When I was a child, I used to watch the TV anime “Heidi”, based on the well-loved children’s classic by Johanna Spyri, the story about a little girl from a small village in Switzerland sent to Frankfurt, Germany to be a live-in friend to a girl in a wheelchair. I loved everything about this story as it captured so many scenic locations, and I dreamed of visiting Maienfeld even though I knew that it was a work of fiction.
This year, the dream came true, when I went to Zurich on work. I had one free day, and decided to take a train up to Maienfeld. It was sunny but not too hot, the perfect weather for a hike up the mountainside of Maienfeld.
|A picture postcard scene: Road to the Heidi house
||A scene that brings back memories of Peter in the book
I went to a ticket window at the train station in Zurich, and asked, “A round trip ticket to Maienfeld, please.” The man at the counter was most helpful- he wrote down where I should get on the train, which station to get off to get on the connecting train, and gave it to me with the tickets.
After about a two-hour train ride, I arrived at Maienfeld, a tiny station with two platforms. As I walked out of the station, excited by the beautiful scenery, it hit me. “I don’t know how to go to Heidiland from here!!”
I knew that there was a replica of Heidi’s house and a fountain (mentioned in the story many times) somewhere, but had no idea where they were… I looked around, but didn’t see any public buildings or shops near the station. I didn’t see anyone on the street, either.
Panicking a little, I walked back to the station hoping to find someone to ask. I went to the ticket window and asked the counter clerk if he knew how to get to Heidiland. He pulled out a piece of paper from a desk drawer, and gave it to me with a smile. It was a brochure of Heidiland with directions. I guess, I was not the first to ask him this question.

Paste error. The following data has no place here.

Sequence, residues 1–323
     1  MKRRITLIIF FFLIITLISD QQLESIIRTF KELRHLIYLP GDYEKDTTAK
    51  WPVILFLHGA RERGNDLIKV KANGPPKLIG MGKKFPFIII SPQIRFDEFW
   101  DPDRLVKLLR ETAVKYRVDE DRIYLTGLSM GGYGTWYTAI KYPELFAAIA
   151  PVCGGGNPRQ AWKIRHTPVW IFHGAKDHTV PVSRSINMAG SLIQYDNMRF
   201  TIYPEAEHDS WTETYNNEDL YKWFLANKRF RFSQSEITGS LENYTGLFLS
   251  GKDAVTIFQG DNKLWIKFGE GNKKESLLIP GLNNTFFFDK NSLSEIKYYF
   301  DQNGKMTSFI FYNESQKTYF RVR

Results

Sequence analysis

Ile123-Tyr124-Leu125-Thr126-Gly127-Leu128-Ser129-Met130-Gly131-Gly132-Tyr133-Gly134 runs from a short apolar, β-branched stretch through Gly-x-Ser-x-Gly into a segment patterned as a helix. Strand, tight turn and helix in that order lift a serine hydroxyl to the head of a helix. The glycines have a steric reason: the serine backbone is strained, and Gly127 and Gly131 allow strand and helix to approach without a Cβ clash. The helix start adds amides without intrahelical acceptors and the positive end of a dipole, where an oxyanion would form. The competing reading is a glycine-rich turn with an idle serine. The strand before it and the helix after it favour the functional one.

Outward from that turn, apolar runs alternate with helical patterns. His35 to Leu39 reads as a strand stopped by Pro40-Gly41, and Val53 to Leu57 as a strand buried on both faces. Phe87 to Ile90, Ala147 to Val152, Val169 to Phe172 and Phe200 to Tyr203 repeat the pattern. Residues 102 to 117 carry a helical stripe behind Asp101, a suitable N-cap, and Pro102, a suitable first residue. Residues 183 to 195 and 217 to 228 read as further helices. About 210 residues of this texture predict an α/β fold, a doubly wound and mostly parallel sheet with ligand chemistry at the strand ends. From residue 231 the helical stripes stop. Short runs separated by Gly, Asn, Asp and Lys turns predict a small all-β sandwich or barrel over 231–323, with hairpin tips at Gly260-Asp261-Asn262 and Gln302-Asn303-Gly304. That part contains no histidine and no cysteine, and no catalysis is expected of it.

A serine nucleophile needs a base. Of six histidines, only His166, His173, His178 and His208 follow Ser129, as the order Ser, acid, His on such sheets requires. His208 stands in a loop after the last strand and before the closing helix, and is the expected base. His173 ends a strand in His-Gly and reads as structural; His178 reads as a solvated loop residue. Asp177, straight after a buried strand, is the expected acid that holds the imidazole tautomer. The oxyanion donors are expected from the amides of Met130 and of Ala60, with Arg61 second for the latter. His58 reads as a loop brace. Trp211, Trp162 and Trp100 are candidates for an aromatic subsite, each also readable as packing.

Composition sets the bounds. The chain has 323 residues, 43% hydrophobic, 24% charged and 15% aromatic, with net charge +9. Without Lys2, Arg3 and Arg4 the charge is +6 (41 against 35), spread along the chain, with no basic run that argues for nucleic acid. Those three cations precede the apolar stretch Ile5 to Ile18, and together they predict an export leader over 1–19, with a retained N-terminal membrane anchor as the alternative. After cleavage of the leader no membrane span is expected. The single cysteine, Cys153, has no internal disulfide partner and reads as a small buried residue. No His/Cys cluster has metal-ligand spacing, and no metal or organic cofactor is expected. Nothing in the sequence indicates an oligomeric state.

Maienfeld is as lovely as a picture postcard, a steep village with cobblestone streets lined with half-timbered shops selling handmade wooden toys. From Maienfeld, you can easily walk up to Oberfols, the tiny hamlet which was Spyri’s inspiration for the fictional village of “Dorfli” in the book.
Oberfols is considered the Heididorf or Heidi Village, home to the Heidi Haus, a mid-19th century Swiss hut outfitted with Heidi-era furniture, crockery and clothes to give visitors an authentic feeling for what life in Heidi’s time was really like. Readers of Heidi from all over the world come here to witness the source, each one seeking something private and personal that speaks of health, tranquility and freedom. Thus the sign on the path that reads:
‘May the Heididorf be a place of inner reflection where our dream of oneness and our search for peace become a fruitful reality.’
In Oberfols I also found a souvenir shop, a small petting zoo and a post office where you can send letters with the Heidi cancellation postmark. From Oberfols I began my hike up the Heidi Weg or Heidi Path. This is a gorgeous 1 1/2 hour walk in the woods that rises to the mountain top.
According to the brochure, there are two hiking courses - blue and red. I took the course that leads to the fountain and to the Heidi museum. The paths were marked very generously with signs at every corner and intersection. There were no worries of getting lost. From the bottom of the hill up to near the fountain, the walk takes you through vineyards.
The fountain was set on flat ground, re-designed with a statue of Heidi. I saw a bus load of tourists there. From the fountain, it was up through woods and fields up to the Heidi museum. The hill was really steep (most of the tourists come by bus as a group), but that was a best part of this trip. From there, I could further walk up to Grandpa’s house, but I decided not to. I had to be back in Zurich by dinner time.
I left Heidiland knowing I would return. For Maienfled with its soul-inspiring scenery, natural mineral spas, and fresh food is as beguiling a region as it eternally appears in the beloved children’s classic.
(Visit Asif’s work at the Pedlars inn Gallery in Galle fort or visit www.pedlarsinngallery.com)